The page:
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The National Labor Relations Board’s chief investigator is looking into whether Member Mark Gaston Pearce (D) told a group of lawyers about a surprise decision in an important case before it was public, sources told Bloomberg Law.
NLRB Inspector General David Berry is investigating claims that Pearce told attorneys at an American Bar Association event that a “big decision” was coming in the Hy-Brand Industrial Contractors case. The board a day later unexpectedly decided to scrap a precedent-setting ruling in that case, responding to conflict-of-interest concerns about Member William Emanuel (R).
Pearce allegedly spread the news at the meeting in Puerto Rico before Emanuel learned that he was left out of the decision. The Competitive Enterprise Institute, a free-market think tank, earlier this week asked Berry explore whether Pearce violated a federal regulation by disclosing the information.
“We hope the NLRB Inspector General will conduct a vigorous, thorough investigation into whether board Member Mark Pearce publicly disclosed confidential, internal board deliberations,” CEI policy analyst Trey Kovacs told Bloomberg Law in an email.
An NLRB spokeswoman told Bloomberg Law that Berry’s office “cannot confirm or deny the existence of an investigation.”
The move comes just days after Berry issued a report finding that Emanuel twice violated an ethics pledge by participating in the closely-watched Hy-Brand and Browning-Ferris Industries cases. Both cases focus on joint employer liability, a contentious legal question about the circumstances under which one business can be considered an employer of another business’s workers for unionization purposes.
It’s standard practice for Berry to open an investigation after receiving a request like the one from CEI, Jennifer Abruzzo, the board’s former acting general counsel, told Bloomberg in an email. Abruzzo, now a lawyer for the Communication Workers of America, rejected the comparison of Pearce to former NLRB Member Terence Flynn (R). Flynn resigned in 2012 after Berry found that he improperly leaked drafts of board decisions while Flynn was still working as a board staff attorney.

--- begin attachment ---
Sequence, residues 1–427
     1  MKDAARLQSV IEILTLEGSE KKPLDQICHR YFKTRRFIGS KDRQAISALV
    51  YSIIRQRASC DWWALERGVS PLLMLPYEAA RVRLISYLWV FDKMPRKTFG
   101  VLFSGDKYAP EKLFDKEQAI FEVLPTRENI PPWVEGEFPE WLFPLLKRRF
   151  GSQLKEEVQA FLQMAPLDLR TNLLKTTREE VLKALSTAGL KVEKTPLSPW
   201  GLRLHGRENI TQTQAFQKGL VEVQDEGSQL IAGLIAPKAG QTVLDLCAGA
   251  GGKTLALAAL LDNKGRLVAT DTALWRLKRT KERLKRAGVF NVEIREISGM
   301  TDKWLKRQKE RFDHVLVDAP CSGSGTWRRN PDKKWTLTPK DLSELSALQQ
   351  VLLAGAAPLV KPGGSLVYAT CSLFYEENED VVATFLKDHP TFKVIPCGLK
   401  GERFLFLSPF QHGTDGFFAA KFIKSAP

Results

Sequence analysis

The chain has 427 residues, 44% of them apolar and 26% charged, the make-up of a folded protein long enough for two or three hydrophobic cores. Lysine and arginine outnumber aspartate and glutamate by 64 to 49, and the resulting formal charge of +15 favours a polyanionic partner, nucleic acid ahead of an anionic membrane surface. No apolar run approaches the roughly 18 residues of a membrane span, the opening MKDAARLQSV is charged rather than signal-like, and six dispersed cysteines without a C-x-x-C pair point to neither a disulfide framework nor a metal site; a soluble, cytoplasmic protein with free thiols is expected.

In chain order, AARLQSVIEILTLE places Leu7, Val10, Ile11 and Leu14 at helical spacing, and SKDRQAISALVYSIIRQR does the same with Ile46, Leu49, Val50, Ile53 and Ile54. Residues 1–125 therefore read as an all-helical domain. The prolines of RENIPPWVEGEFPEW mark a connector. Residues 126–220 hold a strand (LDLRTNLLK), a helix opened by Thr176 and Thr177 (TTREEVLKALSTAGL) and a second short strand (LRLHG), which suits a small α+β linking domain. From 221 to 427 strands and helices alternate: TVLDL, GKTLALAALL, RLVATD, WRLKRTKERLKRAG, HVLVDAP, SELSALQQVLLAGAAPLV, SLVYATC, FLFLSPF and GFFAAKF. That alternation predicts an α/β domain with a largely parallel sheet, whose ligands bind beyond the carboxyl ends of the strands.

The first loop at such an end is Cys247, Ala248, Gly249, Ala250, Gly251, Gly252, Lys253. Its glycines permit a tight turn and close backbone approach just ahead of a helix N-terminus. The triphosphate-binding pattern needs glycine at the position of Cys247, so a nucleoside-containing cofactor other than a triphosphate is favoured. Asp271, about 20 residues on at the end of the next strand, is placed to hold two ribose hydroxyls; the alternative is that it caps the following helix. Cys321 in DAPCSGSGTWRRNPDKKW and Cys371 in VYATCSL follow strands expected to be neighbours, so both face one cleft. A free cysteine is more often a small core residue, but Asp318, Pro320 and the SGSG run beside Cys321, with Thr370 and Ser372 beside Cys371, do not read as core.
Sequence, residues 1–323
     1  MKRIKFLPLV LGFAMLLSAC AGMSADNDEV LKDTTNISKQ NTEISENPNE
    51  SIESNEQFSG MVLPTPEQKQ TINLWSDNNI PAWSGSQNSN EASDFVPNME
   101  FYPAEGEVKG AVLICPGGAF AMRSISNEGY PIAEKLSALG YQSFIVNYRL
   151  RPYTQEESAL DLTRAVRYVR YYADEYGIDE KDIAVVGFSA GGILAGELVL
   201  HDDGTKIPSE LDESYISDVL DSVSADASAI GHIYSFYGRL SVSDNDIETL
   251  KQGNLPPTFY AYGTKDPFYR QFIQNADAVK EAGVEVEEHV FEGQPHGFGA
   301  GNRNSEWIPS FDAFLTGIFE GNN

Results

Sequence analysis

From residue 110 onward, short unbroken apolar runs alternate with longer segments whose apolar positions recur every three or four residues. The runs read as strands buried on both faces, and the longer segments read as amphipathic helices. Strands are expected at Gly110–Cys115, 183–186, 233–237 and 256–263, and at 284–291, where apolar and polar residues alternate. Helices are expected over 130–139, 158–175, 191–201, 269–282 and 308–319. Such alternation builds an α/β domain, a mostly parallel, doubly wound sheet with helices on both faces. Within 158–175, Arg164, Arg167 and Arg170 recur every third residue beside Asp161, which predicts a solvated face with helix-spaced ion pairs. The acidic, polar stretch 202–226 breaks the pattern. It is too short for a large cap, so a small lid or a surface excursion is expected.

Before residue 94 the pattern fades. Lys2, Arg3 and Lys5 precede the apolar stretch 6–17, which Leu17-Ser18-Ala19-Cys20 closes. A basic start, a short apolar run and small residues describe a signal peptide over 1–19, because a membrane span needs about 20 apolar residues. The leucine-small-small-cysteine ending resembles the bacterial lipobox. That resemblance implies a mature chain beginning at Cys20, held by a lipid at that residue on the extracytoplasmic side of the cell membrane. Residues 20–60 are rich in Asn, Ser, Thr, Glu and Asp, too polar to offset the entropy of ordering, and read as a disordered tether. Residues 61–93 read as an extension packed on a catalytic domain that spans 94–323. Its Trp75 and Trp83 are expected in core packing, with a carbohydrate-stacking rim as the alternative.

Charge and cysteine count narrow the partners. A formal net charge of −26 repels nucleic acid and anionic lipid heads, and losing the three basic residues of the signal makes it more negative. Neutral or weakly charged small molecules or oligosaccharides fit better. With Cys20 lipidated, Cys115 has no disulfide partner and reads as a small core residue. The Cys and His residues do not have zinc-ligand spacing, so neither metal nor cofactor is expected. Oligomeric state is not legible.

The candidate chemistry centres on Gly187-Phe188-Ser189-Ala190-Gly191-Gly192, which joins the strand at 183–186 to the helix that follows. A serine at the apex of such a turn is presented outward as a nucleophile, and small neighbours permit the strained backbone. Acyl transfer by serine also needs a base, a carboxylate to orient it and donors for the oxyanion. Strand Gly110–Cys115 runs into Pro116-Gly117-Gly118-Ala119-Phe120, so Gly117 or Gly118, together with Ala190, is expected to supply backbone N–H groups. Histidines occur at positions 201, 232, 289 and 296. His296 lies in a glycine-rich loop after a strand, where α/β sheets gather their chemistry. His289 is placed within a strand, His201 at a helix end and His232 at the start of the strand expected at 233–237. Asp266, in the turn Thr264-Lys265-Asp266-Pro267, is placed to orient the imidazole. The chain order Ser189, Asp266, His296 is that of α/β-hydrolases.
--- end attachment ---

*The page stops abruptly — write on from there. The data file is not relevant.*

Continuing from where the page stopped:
“Even if Member Pearce said what is being reported, I don’t see how that remotely equates to the actions of board Member Flynn and more recently board Member Emanuel,” Abruzzo said.
The swirling ethics questions have left uncertain how the board, and NLRB lawyers tasked with enforcing federal labor law, currently determine whether businesses are joint employers.
Companies that use franchise, staffing, and contract arrangements have said wider liability makes them responsible for workers they don’t control. Unions and worker advocates say a broader approach cuts through complicated arrangements to give employees a voice with those actually deciding the terms and conditions of their jobs.
The board’s Democrat majority in 2015 used Browning-Ferris to expand joint employer liability to include situations in which a business exerts indirect control over workers. A Republican-majority board in December used Hy-Brand to overturn that decision and return to a more limited “direct-control” standard for joint employer liability.
Berry later said Emanuel should have sat out Hy-Brand because his former law firm—Littler Mendelson—represented a subcontractor involved in Browning-Ferris. Emanuel shouldn’t have joined the board in urging the agency’s general counsel to ask an appeals court to drop its consideration of the Browning-Ferris case, the inspector general also said.
Pearce, NLRB Chairman Marvin Kaplan (R), and Member Lauren McFerran (D) decided to scrap the Hy-Brand decision shortly after Berry’s first report became public. Lawyers for Hy-Brand said the board violated federal law by keeping Emanuel out of the loop on the move. They also accused Pearce of spilling the beans about the decision before it was made public.
Pearce’s alleged comments are too vague to pose a serious problem for him, said University of Wyoming law professor Michael Duff, a former NLRB attorney.
The political sensitivity of the Hy-Brand issue might be sufficient alone to cause the inspector general to go out of his way to look into any allegations brought relating to it, Duff said. But what Pearce is being accused of saying—that there was a “big decision” of some sort coming on the Hy-Brand case—could have been expected by anyone watching the case and the ethics investigation, he said.
“Do I think it’s a big deal? Not on those facts, I don’t,” said Duff. “I can’t imagine anyone finding an ethical violation of anything based on those facts.”
Emanuel, through a private lawyer, has maintained that the Hy-Brand and Browning-Ferris cases are unrelated. His supporters are blaming Democrats for trying to slow Republican-led change at the board by pushing ethics questions.
“Labor policy is contentious, and the NLRB is an especially politicized agency, but it is crucial for the inspector general to investigate potential violations no matter what side of the political aisle a board member comes from,” CEI’s Kovacs told Bloomberg Law.
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